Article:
Down Under diaries
Almost 80,000 Irish people have moved to Australia since 2008. Has it lived up to their expectations? And will they come back?
Every six minutes somebody leaves Ireland for good. In the 12 months up to April this year, 90,000 people emigrated – about 240 every day of the year. Of those about 15,400 ended up in Australia. What happens to them when they get there? How do they feel about their adopted country? Does it live up to their expectations? What do they miss most about home?
A number of people from a range of backgrounds have spoken to The Irish Times about their experiences of life in Australia. They include a nurse, a police officer, a musician, a journalist, a building contractor, an HR professional and an entrepreneur.
Each experience of emigration is as different as the factors that brought them there. But there are common threads. Choice, in our small-scale survey, seems to be the key to determining whether emigration turns out to be positive.
Those who left good jobs to go to Australia in pursuit of something better appeared to be happier. Similarly, if they feel there is an option to return to Ireland, emigrants appear to feel more relaxed about the future.
For others, particularly those for whom emigration has come about because of economic circumstances, life in Australia has been more of a mixed bag. For most people, the weather and the lifestyle have been benefits. They miss family, friends and the Irish sense of humour. Here are their stories, in their own words.
Acting sergeant, Western Australian Police. From Kilmihil, Co Clare. Now lives in Fitzroy Crossing, Western Australia
Fitzroy Crossing is a small town in the outback with a big indigenous community and an extreme climate.
I first saw an advertisement for jobs in the Western Australian Police in 2006. At that time I didn’t go for it: I was a member of the Garda Síochána, at Store Street in Dublin, I had just moved from the drug squad to the detective unit and my career was going well. But it stayed in my mind.
I left the Garda in March 2008 and went travelling for a year. I started at the training academy in Perth on March 18th, 2009. The first thing I had to do was swear an oath of allegiance to the queen. That was funny for an Irishman, the day after Paddy’s Day.
A lot of our laws and procedures at home are based on English law, as is the Australian justice system, so I just had to do a three-month conversion course. I was in Perth for the first year and a half, but I wanted to experience indigenous Australian culture and outback lifestyle.
Now I’m in Fitzroy Crossing, a little town on top of the Great Sandy Desert. It’s an extreme place to live, especially in terms of the climate. It’s 43 degrees today. There are about 30 Aboriginal communities in the Fitzroy valley, and I police them all. A lot of what I do is related to alcohol abuse, but we deal mostly with social issues, such as domestic violence and suicide, rather than crime. By and large the people are very decent.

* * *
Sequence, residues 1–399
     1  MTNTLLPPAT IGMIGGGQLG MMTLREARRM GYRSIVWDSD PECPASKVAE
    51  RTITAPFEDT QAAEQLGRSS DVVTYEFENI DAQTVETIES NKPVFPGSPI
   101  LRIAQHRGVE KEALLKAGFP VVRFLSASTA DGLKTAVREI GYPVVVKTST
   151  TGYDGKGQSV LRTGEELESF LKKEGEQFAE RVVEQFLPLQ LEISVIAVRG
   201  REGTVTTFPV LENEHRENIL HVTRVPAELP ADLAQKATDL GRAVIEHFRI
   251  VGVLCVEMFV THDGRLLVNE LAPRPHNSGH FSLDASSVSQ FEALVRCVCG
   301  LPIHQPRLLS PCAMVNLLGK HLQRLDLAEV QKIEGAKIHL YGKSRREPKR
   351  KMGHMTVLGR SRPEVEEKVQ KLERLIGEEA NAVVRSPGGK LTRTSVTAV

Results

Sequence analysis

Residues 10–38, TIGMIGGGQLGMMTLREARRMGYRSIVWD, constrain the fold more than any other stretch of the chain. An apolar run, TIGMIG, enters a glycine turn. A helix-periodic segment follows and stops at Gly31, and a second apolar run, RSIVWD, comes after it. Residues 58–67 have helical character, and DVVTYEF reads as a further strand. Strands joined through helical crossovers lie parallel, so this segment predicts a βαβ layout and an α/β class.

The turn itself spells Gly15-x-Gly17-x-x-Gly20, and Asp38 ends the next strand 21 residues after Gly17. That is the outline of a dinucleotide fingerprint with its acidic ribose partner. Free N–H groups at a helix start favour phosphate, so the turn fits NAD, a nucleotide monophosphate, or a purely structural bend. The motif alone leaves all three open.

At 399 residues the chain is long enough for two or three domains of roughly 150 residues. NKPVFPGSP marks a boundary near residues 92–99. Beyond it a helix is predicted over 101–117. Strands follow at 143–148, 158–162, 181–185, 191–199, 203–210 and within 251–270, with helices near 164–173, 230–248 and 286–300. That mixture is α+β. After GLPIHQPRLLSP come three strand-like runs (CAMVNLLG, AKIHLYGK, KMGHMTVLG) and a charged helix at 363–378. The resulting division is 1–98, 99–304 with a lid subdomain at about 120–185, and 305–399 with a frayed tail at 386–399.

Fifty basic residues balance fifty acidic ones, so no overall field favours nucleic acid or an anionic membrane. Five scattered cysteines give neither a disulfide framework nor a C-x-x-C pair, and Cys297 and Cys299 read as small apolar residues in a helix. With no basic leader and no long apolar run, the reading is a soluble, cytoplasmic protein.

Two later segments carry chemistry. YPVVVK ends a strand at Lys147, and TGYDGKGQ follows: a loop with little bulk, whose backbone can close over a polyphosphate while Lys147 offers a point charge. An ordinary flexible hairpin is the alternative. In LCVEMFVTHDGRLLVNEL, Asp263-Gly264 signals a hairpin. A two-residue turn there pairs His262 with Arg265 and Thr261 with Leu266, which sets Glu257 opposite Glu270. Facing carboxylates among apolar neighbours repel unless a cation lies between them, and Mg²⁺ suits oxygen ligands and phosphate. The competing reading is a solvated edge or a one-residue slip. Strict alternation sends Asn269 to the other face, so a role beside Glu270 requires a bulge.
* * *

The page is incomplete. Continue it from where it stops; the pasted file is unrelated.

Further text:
People say it must be so different out here in the desert compared with the west of Ireland, where I grew up, but a lot of daily life here revolves around socialising, farming and football, as it does at home, and in Ireland we have our issues with alcohol abuse and suicide, too.
A lot of guys from the force at home have emailed me, and I tell them all the same thing: take the risk and come. Before I came I daydreamed of living in Australia, being on the beach every day, and surfing all the time – and when I got here it really was like that.
SARAH JANE HURLEY
Private-patient liaison officer, Princess Margaret Hospital for Children. From Co Wicklow. Now lives in Perth, Western Australia, with her boyfriend, Dave Mullane
Perth is very small. It’s like Cork, or even Ranelagh. It’s still a city in development.
I loved living in Dublin. We had a great life, a good circle of friends, and three of my sisters were in Dublin. But my boyfriend is a plumber, so we took the hit earlier than most people we know. I had a permanent job with the Irish Dairy Board, but it was hard to plan for the future on one salary. Dave went to Perth in January 2012, and I followed six weeks later.
We probably hadn’t done enough research. Dave found work building a new hospital in Perth city almost immediately, but I discovered only when I got here that I wouldn’t be able to work on a tourist visa. Not being able to work was really stressful. We were back living on one salary in a far more expensive place. But once we were granted permanent residency I was able to get a job at the children’s hospital in Perth.
We had thought about the idea that we would have to build up a new circle of friends, and we had a plan of sorts. Dave was going to play GAA, and I’m really into food and had been in touch with an Irish girl here who wrote a food blog. But, for various reasons, the plans didn’t really work out: the GAA grounds were quite far out, and we didn’t have a car.
I’ve found it’s very difficult to make friends when you’re an adult. Even in the work environment everything is planned ahead. No one just spontaneously decides to go for drinks. Now, after two years, we have a good circle of close friends, but it’s not the same as the friendships we left behind. I don’t think I ever thought I would be as homesick as I have been.